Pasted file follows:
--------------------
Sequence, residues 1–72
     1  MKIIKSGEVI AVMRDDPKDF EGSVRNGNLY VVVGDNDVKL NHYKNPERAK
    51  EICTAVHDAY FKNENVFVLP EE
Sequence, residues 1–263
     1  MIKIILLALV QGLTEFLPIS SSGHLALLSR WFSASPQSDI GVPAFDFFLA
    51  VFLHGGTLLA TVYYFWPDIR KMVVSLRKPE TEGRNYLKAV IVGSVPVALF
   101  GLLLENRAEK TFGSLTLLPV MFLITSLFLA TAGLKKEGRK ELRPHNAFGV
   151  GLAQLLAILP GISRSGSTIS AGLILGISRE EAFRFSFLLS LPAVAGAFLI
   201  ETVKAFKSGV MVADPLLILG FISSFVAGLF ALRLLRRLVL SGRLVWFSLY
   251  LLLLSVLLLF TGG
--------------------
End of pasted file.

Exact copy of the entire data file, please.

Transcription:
Sequence, residues 1–72
     1  MKIIKSGEVI AVMRDDPKDF EGSVRNGNLY VVVGDNDVKL NHYKNPERAK
    51  EICTAVHDAY FKNENVFVLP EE
Sequence, residues 1–263
     1  MIKIILLALV QGLTEFLPIS SSGHLALLSR WFSASPQSDI GVPAFDFFLA
    51  VFLHGGTLLA TVYYFWPDIR KMVVSLRKPE TEGRNYLKAV IVGSVPVALF
   101  GLLLENRAEK TFGSLTLLPV MFLITSLFLA TAGLKKEGRK ELRPHNAFGV
   151  GLAQLLAILP GISRSGSTIS AGLILGISRE EAFRFSFLLS LPAVAGAFLI
   201  ETVKAFKSGV MVADPLLILG FISSFVAGLF ALRLLRRLVL SGRLVWFSLY
   251  LLLLSVLLLF TGG